More than 1 million respondents were included in the analysis during the 3-year study period. Researchers found 27% of survey respondents with arthritis reported fair or poor health compared to 12% of those without arthritis. The mean number of physically unhealthy days (7 vs.3), mentally unhealthy days (5 vs.3), total unhealthy days (10 vs.5), and activity-limited days (4 vs.1) was greater for individuals with arthritis than for those without. Additionally, those with arthritis who experienced limitations to normal activities reported poorer HRQOL than individuals without arthritis-related restrictions.
"Our analysis showed that the values for all five measures of HRQOL were 2-3 times worse in those with arthritis compared to those without," said Dr. Furner. HRQOL measures used for analysis were demographics (age, gender, race), social factors (education, income, employment), healthcare factors (access to care, cost barrier to care), health behaviors (physical activity, smoking status, alcohol consumption), and health conditions (diabetes, hypertension, body mass index). Having low family income, being unable to work, cost being a barrier to care, and having diabetes were all strongly associated with poor HRQOL.
Individuals who were physically active had significantly better HRQOL compared with those who were inactive. Furthermore, those who had arthritis and remained physically active were less likely to report fair or poor health. "Given the projected high prevalence of arthritis in the U.S. interventions should address both physical health and ," concluded Dr. Furner. "Increasing physical activity, reducing co-morbidities, and increasing access to healthcare could improve then  for adults with arthritis."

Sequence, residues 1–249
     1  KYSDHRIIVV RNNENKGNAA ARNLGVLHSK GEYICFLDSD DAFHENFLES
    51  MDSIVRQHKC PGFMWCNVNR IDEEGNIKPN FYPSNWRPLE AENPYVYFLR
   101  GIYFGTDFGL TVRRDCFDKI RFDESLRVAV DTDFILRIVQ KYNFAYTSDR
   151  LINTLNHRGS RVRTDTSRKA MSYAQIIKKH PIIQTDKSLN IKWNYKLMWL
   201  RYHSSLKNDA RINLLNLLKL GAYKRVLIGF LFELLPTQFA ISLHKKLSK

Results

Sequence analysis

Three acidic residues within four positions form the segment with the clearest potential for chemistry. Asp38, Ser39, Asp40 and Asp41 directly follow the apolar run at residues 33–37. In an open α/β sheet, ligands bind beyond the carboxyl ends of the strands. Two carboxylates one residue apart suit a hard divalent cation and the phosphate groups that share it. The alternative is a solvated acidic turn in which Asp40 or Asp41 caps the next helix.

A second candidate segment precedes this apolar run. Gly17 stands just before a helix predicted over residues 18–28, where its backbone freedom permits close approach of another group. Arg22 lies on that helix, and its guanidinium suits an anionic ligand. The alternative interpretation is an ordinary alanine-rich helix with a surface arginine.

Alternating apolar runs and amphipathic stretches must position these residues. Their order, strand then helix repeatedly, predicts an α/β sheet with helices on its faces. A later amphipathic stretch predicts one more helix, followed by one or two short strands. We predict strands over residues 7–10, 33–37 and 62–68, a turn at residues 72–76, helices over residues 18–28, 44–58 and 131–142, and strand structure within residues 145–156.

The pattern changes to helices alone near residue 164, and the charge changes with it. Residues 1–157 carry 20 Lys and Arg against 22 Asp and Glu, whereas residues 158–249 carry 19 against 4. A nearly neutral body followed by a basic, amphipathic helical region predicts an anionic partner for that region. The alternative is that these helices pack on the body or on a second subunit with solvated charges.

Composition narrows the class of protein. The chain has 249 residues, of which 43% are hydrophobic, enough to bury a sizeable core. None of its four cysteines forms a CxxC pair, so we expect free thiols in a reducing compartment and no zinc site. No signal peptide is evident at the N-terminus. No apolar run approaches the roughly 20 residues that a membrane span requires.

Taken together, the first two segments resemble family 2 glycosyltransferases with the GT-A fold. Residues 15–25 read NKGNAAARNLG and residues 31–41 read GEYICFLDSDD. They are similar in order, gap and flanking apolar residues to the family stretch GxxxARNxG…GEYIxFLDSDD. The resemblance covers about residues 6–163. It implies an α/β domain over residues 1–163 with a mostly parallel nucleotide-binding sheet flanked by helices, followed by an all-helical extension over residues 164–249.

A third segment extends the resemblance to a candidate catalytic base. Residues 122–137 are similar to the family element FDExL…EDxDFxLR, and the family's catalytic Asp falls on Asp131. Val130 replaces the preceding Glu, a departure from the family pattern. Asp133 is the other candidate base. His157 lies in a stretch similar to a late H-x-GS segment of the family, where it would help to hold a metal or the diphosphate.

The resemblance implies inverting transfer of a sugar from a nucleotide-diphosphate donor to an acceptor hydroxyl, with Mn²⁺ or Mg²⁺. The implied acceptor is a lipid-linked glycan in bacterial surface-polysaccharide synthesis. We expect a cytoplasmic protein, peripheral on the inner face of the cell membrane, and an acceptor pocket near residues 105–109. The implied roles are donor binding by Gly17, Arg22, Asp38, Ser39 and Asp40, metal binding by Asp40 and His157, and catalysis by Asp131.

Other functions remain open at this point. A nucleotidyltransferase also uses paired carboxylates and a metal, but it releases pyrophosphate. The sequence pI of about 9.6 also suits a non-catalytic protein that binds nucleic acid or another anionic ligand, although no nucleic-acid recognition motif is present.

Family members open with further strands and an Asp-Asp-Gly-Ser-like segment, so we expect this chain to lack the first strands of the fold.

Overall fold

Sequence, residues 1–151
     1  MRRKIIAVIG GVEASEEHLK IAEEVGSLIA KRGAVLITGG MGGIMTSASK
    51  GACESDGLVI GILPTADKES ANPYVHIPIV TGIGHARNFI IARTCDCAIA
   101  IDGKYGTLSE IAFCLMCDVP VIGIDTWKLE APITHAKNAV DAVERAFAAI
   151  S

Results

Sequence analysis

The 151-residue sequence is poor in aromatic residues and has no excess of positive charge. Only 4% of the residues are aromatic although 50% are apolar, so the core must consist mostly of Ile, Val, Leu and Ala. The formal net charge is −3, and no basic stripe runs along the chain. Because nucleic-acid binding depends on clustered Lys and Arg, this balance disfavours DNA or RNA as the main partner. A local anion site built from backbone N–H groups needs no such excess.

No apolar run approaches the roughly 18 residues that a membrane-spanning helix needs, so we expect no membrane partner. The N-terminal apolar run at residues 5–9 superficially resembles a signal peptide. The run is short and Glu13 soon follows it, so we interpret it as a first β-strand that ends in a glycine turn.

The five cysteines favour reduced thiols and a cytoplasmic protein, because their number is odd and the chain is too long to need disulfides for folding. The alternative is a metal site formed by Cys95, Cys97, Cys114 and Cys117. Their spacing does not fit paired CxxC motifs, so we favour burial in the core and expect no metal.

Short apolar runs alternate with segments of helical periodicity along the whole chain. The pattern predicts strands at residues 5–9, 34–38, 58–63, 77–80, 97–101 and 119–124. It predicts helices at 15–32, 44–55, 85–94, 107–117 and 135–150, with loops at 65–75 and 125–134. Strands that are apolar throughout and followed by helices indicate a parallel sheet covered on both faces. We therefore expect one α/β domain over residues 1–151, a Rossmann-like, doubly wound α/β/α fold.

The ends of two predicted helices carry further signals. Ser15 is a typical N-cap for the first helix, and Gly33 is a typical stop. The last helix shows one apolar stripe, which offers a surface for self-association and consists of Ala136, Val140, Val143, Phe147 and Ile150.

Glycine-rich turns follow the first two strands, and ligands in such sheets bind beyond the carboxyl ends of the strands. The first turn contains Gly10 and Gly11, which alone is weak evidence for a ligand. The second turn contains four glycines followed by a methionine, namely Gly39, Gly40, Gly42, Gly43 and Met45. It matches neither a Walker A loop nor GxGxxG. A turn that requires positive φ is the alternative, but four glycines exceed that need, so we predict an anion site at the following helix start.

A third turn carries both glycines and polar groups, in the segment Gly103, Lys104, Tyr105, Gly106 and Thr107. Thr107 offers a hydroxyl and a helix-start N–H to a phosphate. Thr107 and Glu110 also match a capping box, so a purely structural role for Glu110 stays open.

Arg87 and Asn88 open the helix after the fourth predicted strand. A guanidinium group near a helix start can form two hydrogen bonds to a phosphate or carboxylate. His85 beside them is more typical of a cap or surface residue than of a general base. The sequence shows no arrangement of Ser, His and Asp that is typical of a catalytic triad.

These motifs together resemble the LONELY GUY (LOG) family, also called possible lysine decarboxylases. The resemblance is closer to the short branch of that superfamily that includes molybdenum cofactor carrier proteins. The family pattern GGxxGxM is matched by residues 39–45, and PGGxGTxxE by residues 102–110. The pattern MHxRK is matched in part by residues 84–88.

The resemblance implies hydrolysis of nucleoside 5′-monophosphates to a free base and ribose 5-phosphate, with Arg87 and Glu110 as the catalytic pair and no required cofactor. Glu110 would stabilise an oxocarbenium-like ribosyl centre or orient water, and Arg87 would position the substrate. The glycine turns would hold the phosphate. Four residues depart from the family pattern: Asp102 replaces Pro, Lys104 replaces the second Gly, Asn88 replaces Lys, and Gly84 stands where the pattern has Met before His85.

More information: "Health-Related Quality of Life of U.S. Adults with Arthritis: Analysis of Data from the Behavioral Risk Factor Surveillance System, 2003, 2005, and 2007." Sylvia E. Furner, Jennifer M. Hootman, Charles G. Helmick, Julie Bolen, Matthew M. Zack. Arthritis Care and Research; Published Online: April 28, 2011 (DOI: 10.1002/acr.20430).
Provided by Wiley (news : web)

The New Structure of An Important Immune System Complex Has Resolved A 10-year Controversy

(Medical Xpress) -- Researchers at the University of Toronto and the University of Bath have resolved a longstanding controversy surrounding an important structure of the immune system that could result in new therapeutic targets for antibody-mediated autoimmune diseases as well as the potential to enhance the efficacy of vaccines.

In a study published in the April 29 issue of Science, Professor David Isenman of biochemistry and Jean van den Elsen of the University of Bath shed light on the complex between complement receptor 2 and its  C3d, both of which are constituents of an  of our body known as complement.
“We recognize that the goal of applying this knowledge to autoimmune therapies and enhanced vaccine efficiency will not be trivial. But the structural scaffold for further discoveries is now in place,” said Isenman.
The detailed knowledge of the receptor-ligand interface provided by the new structure of this complex has implications as both a potential , in the case of antibody-mediated , and as something that may be exploited in enhancing the efficacy of vaccines.